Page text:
Pierre Lemelin, an assistant professor of anatomy at the University of Alberta in Edmonton, Canada, and a team of fellow American researchers have analyzed the first hand bones ever found of Hadropithecus stenognathus, a lemur that lived 2,000 years ago.
The bones were discovered in 2003 in a cave in southeastern Madagascar, an island nation off the coast of Africa in the Indian Ocean. Hadropithecus is related to the modern-day sifaka, a type of lemur with acrobatic leaping skills. A lemur is a monkey-like animal with a long tail and large eyes.
An examination of the five tiny hand bones by Lemelin and the rest of the research team revealed a never-before-seen hand joint configuration on the side of the little finger. The same joint configuration is straight in all other primates, including Archaeolemur, a close extinct relative of Hadropithecus.
"Our analysis showed a mosaic of lemurid-like, monkey-like and very unique morphological traits," Lemelin said. "Because the joint was present on both hands, it's likely not an anomaly, but because there are no other Hadropithecus hand bones for comparison, we don't know for certain," Lemelin said. "It is a mystery, and further investigation is needed to explain the difference in this species."
Lemelin and his colleagues from George Washington University, the Medical College of Georgia, and the universities of Stony Brook and Massachusetts at Amherst, also discovered that, unlike its close living relatives, Hadropithecus lacked anatomical traits linked with wrist mobility and strong finger flexion that characterize primate species that climb or cling to trees.
The hand bones also showed that Hadropithecus had very short thumbs and was a quadrupedal species, walking on all fours, much like many primates, such as baboons, do today. The discovery underscores the amazing diversity of lemurs that existed more than 2,000 years ago, when lemurs of all types ranged from pocket-sized to the size of gorillas, Lemelin noted.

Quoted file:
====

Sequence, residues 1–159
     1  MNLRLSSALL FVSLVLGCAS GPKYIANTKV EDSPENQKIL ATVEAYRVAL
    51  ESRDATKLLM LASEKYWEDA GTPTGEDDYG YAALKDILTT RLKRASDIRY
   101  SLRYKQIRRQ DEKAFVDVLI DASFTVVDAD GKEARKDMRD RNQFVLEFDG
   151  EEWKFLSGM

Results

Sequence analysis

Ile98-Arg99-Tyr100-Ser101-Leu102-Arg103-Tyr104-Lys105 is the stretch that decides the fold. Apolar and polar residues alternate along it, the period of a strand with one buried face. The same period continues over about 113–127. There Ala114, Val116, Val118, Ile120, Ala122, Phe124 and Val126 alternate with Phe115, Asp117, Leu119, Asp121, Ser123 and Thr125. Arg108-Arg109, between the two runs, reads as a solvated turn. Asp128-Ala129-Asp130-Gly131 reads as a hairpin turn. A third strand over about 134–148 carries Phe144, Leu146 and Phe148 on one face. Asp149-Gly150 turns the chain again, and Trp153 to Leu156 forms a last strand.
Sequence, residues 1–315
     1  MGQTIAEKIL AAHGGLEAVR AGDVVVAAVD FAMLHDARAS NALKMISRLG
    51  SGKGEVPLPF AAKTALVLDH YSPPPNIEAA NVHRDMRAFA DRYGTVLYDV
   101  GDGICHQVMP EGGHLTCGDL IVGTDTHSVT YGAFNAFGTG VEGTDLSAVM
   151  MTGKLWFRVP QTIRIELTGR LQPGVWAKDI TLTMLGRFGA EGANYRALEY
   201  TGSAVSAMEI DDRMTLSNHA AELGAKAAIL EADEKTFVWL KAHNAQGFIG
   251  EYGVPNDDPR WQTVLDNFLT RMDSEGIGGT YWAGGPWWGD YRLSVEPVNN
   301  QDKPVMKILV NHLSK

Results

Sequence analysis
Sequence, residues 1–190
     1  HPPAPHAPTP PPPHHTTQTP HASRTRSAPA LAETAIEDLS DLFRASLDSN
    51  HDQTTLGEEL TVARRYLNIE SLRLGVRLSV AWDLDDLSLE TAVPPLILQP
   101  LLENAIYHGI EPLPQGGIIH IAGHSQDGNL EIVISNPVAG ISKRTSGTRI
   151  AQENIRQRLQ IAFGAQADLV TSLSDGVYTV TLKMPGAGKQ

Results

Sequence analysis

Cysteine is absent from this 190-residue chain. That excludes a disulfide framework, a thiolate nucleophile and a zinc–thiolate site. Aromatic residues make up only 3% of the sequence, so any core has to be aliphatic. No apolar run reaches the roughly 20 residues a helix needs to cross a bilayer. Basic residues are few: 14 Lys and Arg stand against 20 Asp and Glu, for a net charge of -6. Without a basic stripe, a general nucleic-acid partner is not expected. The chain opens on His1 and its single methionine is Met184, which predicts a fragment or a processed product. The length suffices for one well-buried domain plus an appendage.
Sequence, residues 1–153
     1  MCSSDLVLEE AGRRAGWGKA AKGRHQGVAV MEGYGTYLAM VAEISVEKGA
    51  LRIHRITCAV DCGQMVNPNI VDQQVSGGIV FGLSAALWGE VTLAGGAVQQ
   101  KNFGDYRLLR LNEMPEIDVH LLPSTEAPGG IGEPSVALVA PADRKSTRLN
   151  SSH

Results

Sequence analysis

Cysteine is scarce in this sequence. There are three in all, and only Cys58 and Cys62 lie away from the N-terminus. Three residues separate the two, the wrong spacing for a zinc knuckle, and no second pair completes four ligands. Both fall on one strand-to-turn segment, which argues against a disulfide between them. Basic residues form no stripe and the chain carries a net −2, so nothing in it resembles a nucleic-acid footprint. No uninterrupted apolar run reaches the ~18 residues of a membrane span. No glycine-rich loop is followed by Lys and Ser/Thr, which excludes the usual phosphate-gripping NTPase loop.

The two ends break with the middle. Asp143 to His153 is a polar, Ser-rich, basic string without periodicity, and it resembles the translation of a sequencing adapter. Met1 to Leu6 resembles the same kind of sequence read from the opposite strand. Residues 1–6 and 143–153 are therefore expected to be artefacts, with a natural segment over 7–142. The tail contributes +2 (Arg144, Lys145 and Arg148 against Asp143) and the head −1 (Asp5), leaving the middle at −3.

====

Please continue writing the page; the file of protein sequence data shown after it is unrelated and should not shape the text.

The findings were published this month in the Journal of Human Evolution.
The study was funded by the Natural Sciences and Engineering Research Council of Canada and The Leakey Foundation.
Adapted from materials provided by University of Alberta, via EurekAlert!, a service of AAAS.

Fausto Intilla

New Zealand's 'Living Dinosaur' -- The Tuatara -- Is Surprisingly The Fastest Evolving Animal

ScienceDaily (Mar. 23, 2008) — In a study of New Zealand's "living dinosaur" the tuatara, evolutionary biologist, and ancient DNA expert, Professor David Lambert and his team from the Allan Wilson Centre for Molecular Ecology and Evolution recovered DNA sequences from the bones of ancient tuatara, which are up to 8000 years old. They found that, although tuatara have remained largely physically unchanged over very long periods of evolution, they are evolving - at a DNA level - faster than any other animal yet examined.
"What we found is that the tuatara has the highest molecular evolutionary rate that anyone has measured," Professor Lambert says.